Top 10: Tribeca World Premieres


In just 12 years, the Tribeca Film Festival in New York City has carved quite an interesting and influential niche for itself in the independent film world. Though it’s wedged somewhat unceremoniously between Sundance/Berlinale and Cannes, the festival has become THE destination for New York premieres, as well as plenty of North American premieres and a fair share of world premieres of soon-to-be big documentaries, foreign narrative features, and American indies.

With the kick-off of the 2013 Tribeca Film Festival just weeks away, I’m counting down the biggest titles (world premieres only) in the festival’s history. The criteria: On-paper talent, box office dollars, awards, and quality.

10. (tie): Tribeca Opening World Premieres
Baby Mama, The Five-Year Engagement, The Interpreter, Shrek Forever After, United 93

Tribeca has played host to some HUGE world premieres. Both its location and timing (right before the start of the summer movie season) means major studios have seen fit to use the festival’s spotlight for big publicity. The films above all started in Lower Manhattan. Also noteworthy is last year’s biggest film in terms of box office—The Avengers. It doesn’t earn an official slot on this list because it wasn’t a world premiere (rather the film’s North American bow), but Marvel’s choice to play Tribeca speaks volumes to where its come in just 12 years.

9. Redbelt
The name David Mamet arguably isn’t held in as high regard as it was back in the early part of the last decade, if only because he’s been oddly quiet on the new project front. His 2008 MMA flick starring Chiwetel Ejiofor, Emily Mortimer, and (wait for it) Tim Allen doesn’t completely gel, but a Mamet film is a big get for any festival, especially a still young (at least at the time) Tribeca.

8. The House of the Devil
The third feature film by Ti West debuted in the Midnight section of the 2009 Tribeca Film Festival. Not only did it scare the pants off everyone in attendance, but it turned West into an overnight sensation. The guy is one of the modern kings of horror with a style that’s equal parts original and endearingly retro.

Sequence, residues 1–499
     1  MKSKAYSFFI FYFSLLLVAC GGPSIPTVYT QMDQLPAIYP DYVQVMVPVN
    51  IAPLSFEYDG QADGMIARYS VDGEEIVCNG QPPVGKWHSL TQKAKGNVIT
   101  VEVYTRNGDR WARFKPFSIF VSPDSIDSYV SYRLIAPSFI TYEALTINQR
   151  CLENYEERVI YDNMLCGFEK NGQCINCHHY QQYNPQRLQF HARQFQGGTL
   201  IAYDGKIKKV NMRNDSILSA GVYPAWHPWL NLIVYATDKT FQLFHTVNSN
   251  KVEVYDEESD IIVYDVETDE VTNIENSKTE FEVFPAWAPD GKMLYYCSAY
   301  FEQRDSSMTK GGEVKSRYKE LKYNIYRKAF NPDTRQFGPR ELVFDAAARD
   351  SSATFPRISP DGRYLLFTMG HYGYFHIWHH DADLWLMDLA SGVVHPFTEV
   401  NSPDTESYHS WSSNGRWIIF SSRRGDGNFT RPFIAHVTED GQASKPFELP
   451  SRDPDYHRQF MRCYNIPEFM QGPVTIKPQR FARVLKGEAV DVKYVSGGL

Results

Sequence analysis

7. Detachment
Since setting the world on fire with 1998’s American History X, director Tony Kaye has stayed largely out of the spotlight, opting to make hard-hitting, but decidedly uncommercial films like the 2.5-hour-long abortion documentary Lake of Fire. Starring Adrian Brody, Detachment wasn’t exactly a turn back toward mainstream cinema (if we’re even calling American History X mainstream), but it was a nice reminder of what both Kaye and Brody are capable of.

6. The Arbor
Clio Barnard’s experimental documentary retelling of the playwright Andrea Dunbar’s life story never made much of a splash commercially, and I’d argue it’s not even a good film, but it has some passionate fans within the online film community and managed to snag a coveted Golden Brick Award from the world’s best film podcast, Film Spotting, back in 2010, when it premiered at Tribeca.

5. Jesus Camp
The first of only two Tribeca world premieres to earn Oscar nominations, this doc (which comes courtesy of Detropia directors Heidi Ewing and Rachel Grady and was nominated for Best Documentary Feature at the 2007 Academy Awards) is a searing indictment of the evangelical Christian movement, particularly as it relates to the brainwashing of young children. In 2006, it won the festival’s Special Jury Prize.

4. City Island
This underrated family dramedy starring Andy Garcia got its start at Tribeca in 2009 but didn’t hit theaters for almost another full year. It won an Audience Award at the festival and went on to become a relative box office success.

3. Charlie Bartlett
This Anton Yelchin-starring high school comedy was a box office disappointment, but it signaled big things to come for Robert Downey Jr. who, just months later, resurrected his A-list status as the title character in Iron Man. Charlie Bartlett is also an exceptional film that’s grown in stature quite a bit since 2008.

2. Bully
Neither the big financial success nor the awards play The Weinstein Co. undoubtedly hoped this film would be, Bully nonetheless became a major talking point last year at this time with its rating controversy. It also brought some much-needed attention to the issue of bullying in schools and managed to make the Best Documentary Feature shortlist for the 2013 Oscars.

1. Taxi to the Dark Side
The only Tribeca film (at least by my research) to win an Oscar was Alex Gibney’s incredible 2007 documentary. Gibney also took home Best Documentary Feature at Tribeca, as well as DGA and WGA awards for documentary filmmaking. It’s also the best film on this list and Gibney’s (a great documentarian) strongest film.

Stay tuned for much more Tribeca 2013 over the coming weeks.

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